A lot of bulk! Concluded… JAHO.com sells for $18,000!
Jun 23

I was sifting through some of my drafts and almost deleted this article which I’ve been meaning to complete for a while now. I decided some of the points to be made back in April are still relevant now. After I wrote ‘Still ‘biting’ for bargains!‘ I thought it would be good to look at the market from a different view point. The question that springs to my mind when so many people are finding so many bargains at so many market venues is, ‘why are there so many?’

Well, put quite simply, bargains indicate that a market is in decline because people are selling cheap in an attempt to cut their loses. ‘We already know this’ I hear you cry, but what amazes me is that so many people still believe they are getting a bargain even after the a numerous discussions that have taken place regarding market correction, recession and depreciation.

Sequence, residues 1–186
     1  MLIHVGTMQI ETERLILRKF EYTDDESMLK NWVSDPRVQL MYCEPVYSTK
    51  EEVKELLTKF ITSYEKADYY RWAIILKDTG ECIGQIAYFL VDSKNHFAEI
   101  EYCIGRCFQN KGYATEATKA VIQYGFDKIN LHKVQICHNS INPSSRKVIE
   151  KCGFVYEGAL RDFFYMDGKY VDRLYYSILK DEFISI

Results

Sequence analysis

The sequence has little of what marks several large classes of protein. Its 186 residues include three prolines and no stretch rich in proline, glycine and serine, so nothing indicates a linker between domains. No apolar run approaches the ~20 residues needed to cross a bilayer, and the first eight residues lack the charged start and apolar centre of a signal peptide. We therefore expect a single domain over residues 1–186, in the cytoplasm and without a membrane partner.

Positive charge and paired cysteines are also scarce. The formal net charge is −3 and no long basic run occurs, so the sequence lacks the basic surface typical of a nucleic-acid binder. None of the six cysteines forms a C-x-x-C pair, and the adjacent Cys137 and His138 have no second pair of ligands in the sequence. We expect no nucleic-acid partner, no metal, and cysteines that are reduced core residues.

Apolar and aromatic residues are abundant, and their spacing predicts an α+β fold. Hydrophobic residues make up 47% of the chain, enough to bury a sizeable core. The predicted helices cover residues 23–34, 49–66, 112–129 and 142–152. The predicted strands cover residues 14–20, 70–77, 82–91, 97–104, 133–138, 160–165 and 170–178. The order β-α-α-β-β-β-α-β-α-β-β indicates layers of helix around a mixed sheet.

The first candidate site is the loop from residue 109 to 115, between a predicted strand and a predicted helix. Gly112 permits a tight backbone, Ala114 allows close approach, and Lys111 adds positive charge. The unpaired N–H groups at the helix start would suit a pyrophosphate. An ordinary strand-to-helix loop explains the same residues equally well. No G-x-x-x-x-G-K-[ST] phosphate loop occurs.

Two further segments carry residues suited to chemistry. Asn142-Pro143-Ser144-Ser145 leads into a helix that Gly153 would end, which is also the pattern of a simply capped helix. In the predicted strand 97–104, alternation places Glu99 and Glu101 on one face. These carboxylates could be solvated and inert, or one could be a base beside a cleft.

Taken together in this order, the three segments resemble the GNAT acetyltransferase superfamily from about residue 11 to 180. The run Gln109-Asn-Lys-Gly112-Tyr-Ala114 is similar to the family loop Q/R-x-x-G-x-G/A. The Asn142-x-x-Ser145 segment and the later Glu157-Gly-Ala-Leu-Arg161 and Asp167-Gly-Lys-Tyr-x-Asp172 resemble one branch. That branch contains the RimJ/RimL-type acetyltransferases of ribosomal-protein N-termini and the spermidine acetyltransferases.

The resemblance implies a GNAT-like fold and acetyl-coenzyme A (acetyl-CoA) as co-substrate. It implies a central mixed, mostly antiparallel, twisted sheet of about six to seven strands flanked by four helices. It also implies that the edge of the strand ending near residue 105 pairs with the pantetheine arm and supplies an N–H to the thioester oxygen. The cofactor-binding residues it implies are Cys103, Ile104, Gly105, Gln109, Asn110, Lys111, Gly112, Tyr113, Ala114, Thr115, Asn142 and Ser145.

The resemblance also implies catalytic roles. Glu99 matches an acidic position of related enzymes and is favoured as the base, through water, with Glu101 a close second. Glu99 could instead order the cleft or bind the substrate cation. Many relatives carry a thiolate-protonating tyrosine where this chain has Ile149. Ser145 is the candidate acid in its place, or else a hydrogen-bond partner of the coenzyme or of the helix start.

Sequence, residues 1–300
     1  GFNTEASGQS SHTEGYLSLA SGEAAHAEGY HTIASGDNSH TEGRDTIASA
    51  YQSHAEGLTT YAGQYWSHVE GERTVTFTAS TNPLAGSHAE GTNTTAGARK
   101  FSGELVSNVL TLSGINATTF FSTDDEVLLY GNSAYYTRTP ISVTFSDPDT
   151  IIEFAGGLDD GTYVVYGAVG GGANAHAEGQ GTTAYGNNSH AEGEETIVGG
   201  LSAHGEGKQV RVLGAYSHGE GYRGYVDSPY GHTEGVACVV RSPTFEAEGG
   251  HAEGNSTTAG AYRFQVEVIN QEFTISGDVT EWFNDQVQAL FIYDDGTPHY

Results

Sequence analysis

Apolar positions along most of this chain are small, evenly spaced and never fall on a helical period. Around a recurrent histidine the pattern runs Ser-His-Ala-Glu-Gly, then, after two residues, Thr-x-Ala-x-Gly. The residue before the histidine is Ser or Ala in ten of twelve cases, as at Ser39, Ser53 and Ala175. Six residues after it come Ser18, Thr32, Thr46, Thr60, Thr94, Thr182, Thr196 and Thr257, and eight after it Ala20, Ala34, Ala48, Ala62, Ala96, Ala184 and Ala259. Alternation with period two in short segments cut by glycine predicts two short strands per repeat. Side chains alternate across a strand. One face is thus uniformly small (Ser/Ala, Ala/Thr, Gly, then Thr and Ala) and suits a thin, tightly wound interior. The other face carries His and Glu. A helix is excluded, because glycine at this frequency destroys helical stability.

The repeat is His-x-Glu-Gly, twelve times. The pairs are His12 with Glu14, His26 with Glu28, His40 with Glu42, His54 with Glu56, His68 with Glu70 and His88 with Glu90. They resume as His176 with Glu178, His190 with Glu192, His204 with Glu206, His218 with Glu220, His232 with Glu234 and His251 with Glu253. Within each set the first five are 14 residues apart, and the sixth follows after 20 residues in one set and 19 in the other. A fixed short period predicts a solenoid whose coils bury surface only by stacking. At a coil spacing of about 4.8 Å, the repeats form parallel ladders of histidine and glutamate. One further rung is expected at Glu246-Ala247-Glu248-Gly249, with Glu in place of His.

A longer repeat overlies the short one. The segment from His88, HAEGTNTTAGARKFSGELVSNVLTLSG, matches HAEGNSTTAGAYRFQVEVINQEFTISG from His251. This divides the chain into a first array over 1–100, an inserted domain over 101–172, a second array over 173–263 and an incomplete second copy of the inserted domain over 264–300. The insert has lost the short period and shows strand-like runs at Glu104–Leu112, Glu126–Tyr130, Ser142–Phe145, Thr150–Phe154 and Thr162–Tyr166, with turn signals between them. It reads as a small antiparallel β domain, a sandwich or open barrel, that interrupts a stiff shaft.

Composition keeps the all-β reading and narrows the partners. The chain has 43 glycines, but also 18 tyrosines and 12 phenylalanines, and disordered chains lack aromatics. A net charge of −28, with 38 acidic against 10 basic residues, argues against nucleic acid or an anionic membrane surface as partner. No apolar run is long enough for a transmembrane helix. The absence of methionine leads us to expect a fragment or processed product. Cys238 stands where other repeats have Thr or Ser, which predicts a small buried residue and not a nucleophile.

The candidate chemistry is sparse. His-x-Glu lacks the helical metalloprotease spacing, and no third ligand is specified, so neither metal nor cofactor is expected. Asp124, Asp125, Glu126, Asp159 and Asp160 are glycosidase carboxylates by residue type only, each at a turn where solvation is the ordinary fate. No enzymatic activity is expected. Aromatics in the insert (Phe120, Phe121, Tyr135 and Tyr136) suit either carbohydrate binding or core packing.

They aren’t bargains, not in the current market. Prices have fallen dramatically over the past couple of months and this domain niche is so fluid it is ctitical you remain up to date. In any market you should strive to stay current and be self educated. Analyse your niche and understand it. A bargain yesterday could well be an overpriced item today.

The point I’m making is not to discourage anyone from participating in the 4 letter domain market but to understand that sometimes bargains aren’t always a good thing, and more often than not bargains aren’t bargains at all. Do your research and plan your purchases carefully plus look beyond the immediate future and realise the potential that this market has to evolve in later years because that is when we can look back and truly say we grabbed a bargain.

written by Richard \\ tags: , , ,

2 Responses to “Sometimes bargains are not always a good thing…”

  1. Joe Davison Says:

    Just because there is a correction doesn’t mean the long-term prospects for the market are bad. Quite the contrary, new business models will spring up to replace the outdated and monopolized PPC channel, followed by outside money learning to value domain as assets.

    As both of these transitions occur, we are again going to see order-of-magnitude increases in the value of domain assets.

    Just my opinion. For the record I’m referring to all domains, not just quad letters.

  2. Richard Says:

    I totally agree Joe, I don’t see this as a time to sell out, I see it as a time to buy domains which I believe in the future will offer a good ROI in the long-term.

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